As a young officer, Lieutenant Puckett knew that something wasn’t quite right.  The intelligence briefing indicated
that there were 25,000 Chinese troops in the area, outnumbering U.S. and Korean forces two to three — or excuse me, three to two.  And Lieutenant Puckett though the numbers — thought the numbers for the attack didn’t align with the basic military doctrine. 

The Lieutenant believed in the fundamentals.  It was how he trained his men.  It was how he’d hand-picked them and chose them from the ranks of cooks and clerks and mechanics to the first Ranger company since World War II.  Physical conditioning.  Tactical training.  Working as a team.  Get the basics right, then build from there.

But Lieutenant Puckett also believed in being there for the fight.  He’d volunteered for the Army Air Corps Enlisted Reserve
to try to join — to fight in World War II.  He volunteered to go to Korea, instead of the safer posting in Japan.  He volunteered for the new Ranger company, and then he prayed, “Dear God, don’t let me get a bunch of guys — good guys — killed,” when he was chosen to command that company.

So, on the morning of November 25, 1950, mounted on the decks of the tanks, 51 of Puckett’s Rangers and 9 Korean enlisted soldiers set out to take Hill 205.

To make their charge, they had to cross about half mile
of frozen rice paddies under fire. 

And when an enemy machine gunners slowed the Rangers’ advance, Puckett risked his life by running across the area to draw fire that would reveal where the location of the nest.  He did it once.  He did it again.  It took three runs intentionally exposing himself to the enemy to pick off the gunner. 

Of course, Colonel Puckett had developed a dangerous hobby, as he recounted in his book, of challenging himself to run in front of speeding cars when he was four years old.  (Laughter.)  So self-preservation, it seemed, was never a primary concern of the Colonel.

When the Rangers finally reached the top of Hill 205, they found it abandoned, but Puckett knew the fight wasn’t nearly over.  His men established a defensive perimeter, and then went to coordinate the artillery support he was sure they would need, and, while he was there, to load up on ammunition and grenades — the basics.

Shortly after he returned, the first onslaught began.  Mortars followed by a ground assault from the entire Chinese battalion.  Puckett’s Rangers were outnumbered almost ten to one.

During the fight, Puckett abandoned the relative safety of his foxhole, moving from man to man, encouraging them in the fight, checking that the perimeter was holding.

He took a grenade fragment in his left thigh, but Puckett refused to be evacuated.  He was a Ranger.  He led his men from the front.  And over the course of the next several hours, four more waves of assaults came.

Each time, Puckett made his rounds, passing out extra ammo
and extra encouragement to rally his men.

Each time, he was able to call in artillery support —
sometimes “danger close” — to help break the advance of the Chinese soldiers. 

Each time, the Rangers held the hill, pushing the enemy back — at times, with hand-to-hand fighting.  About 2:30 a.m., after more than four hours of near nonstop fighting, the sixth wave began.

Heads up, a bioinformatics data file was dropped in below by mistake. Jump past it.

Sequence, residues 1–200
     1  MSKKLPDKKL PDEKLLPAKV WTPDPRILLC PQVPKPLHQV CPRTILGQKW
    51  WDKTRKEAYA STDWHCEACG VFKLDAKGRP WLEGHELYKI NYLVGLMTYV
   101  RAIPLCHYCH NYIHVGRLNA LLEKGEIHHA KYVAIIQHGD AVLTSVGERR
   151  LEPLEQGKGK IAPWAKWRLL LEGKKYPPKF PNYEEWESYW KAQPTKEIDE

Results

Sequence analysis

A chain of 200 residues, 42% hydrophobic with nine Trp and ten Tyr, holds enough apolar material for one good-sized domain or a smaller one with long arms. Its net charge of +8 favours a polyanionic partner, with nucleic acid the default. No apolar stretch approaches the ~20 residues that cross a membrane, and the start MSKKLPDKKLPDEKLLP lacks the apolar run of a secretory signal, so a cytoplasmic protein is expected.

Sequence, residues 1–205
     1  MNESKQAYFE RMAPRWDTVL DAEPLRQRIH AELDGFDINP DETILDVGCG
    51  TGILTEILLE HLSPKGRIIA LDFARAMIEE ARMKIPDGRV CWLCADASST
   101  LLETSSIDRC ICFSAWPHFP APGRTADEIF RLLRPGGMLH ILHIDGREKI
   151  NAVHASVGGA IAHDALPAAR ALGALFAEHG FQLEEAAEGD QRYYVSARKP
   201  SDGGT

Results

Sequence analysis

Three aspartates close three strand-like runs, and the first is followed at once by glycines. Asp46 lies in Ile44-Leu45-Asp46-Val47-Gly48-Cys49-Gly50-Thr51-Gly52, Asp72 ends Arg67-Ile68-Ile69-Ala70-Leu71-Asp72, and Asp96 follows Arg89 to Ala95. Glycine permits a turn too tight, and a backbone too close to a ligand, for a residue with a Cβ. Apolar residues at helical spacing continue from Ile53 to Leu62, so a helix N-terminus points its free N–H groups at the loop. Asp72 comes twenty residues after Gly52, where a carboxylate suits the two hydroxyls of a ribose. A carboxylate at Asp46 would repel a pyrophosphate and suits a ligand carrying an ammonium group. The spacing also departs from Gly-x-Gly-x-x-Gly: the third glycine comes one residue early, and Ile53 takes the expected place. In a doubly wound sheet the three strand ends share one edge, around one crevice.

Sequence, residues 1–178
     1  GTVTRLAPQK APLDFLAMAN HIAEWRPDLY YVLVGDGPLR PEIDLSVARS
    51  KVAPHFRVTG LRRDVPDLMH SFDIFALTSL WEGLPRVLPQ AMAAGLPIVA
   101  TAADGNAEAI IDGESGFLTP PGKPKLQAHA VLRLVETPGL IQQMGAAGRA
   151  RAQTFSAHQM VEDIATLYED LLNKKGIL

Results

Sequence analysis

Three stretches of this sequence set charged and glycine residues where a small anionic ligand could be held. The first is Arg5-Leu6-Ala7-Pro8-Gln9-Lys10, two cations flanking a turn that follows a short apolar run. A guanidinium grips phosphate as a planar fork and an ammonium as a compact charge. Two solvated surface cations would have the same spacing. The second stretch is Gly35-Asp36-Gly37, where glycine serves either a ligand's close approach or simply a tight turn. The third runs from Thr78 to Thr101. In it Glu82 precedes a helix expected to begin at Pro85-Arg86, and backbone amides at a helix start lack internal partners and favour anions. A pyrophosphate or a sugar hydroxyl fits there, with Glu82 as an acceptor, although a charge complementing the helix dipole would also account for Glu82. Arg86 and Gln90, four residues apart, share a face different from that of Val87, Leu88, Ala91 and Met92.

By this time, the Rangers had — many Rangers had been killed, and those who are left were exhausted, outnumbered, and dangerly [sic] short of amm- — dangerously short of ammunition and grenades. 

Lieutenant Puckett had sustained a second wound, this time in his left shoulder.  He had distributed all the ammo to his men, keeping only eight bullets and a bayonet for himself. 

For the last time, Puckett called in artillery support, only to be told that the guns were supporting other besieged units.

Then two mortar rounds landed directly in Puckett’s foxhole, tearing through both his feet and his backside and his left arm and shoulder. 

Puckett’s Rangers had been overwhelmed, and he himself was badly wounded.  He ordered one of his men who found him on the ground to leave him behind.  But that’s not the Ranger creed. 

A Private ran for help, and soon two other Rangers charged back up the hill, fighting off advancing Chinese soldiers, retrieving their commander. 

They had to drag him down the hill, with Lieutenant Puckett reminding them, and himself, that he could take the pain.  Quote, “I’m a Ranger.” 

Before his men loaded him on a tank to evacuate, Lieutenant Puckett called for one final barrage on Hill 205.  And the Eighth Army unloaded artillery, while phosphorus on the Rangers’ former — and phosph- — phosphorus on the Rangers’ former position.  They did not hold the hill, but the Rangers extracted a high price. 

Korea is sometimes called the “Forgotten War.”  But those men who were there under Lieutenant Puckett’s command — they’ll never forget his bravery.  They never forget that he was right by their side throughout every minute of it. 

And the people of the Republic of Korea haven’t forgotten, as evidenced by the fact that the Prime Minister [President] of Korea is here for this ceremony.  I doubt this has ever happened before — I can’t say that for certain, but I doubt it’s happened before.  The Americans — all Americans, like Ralph Puckett, joined in their fight.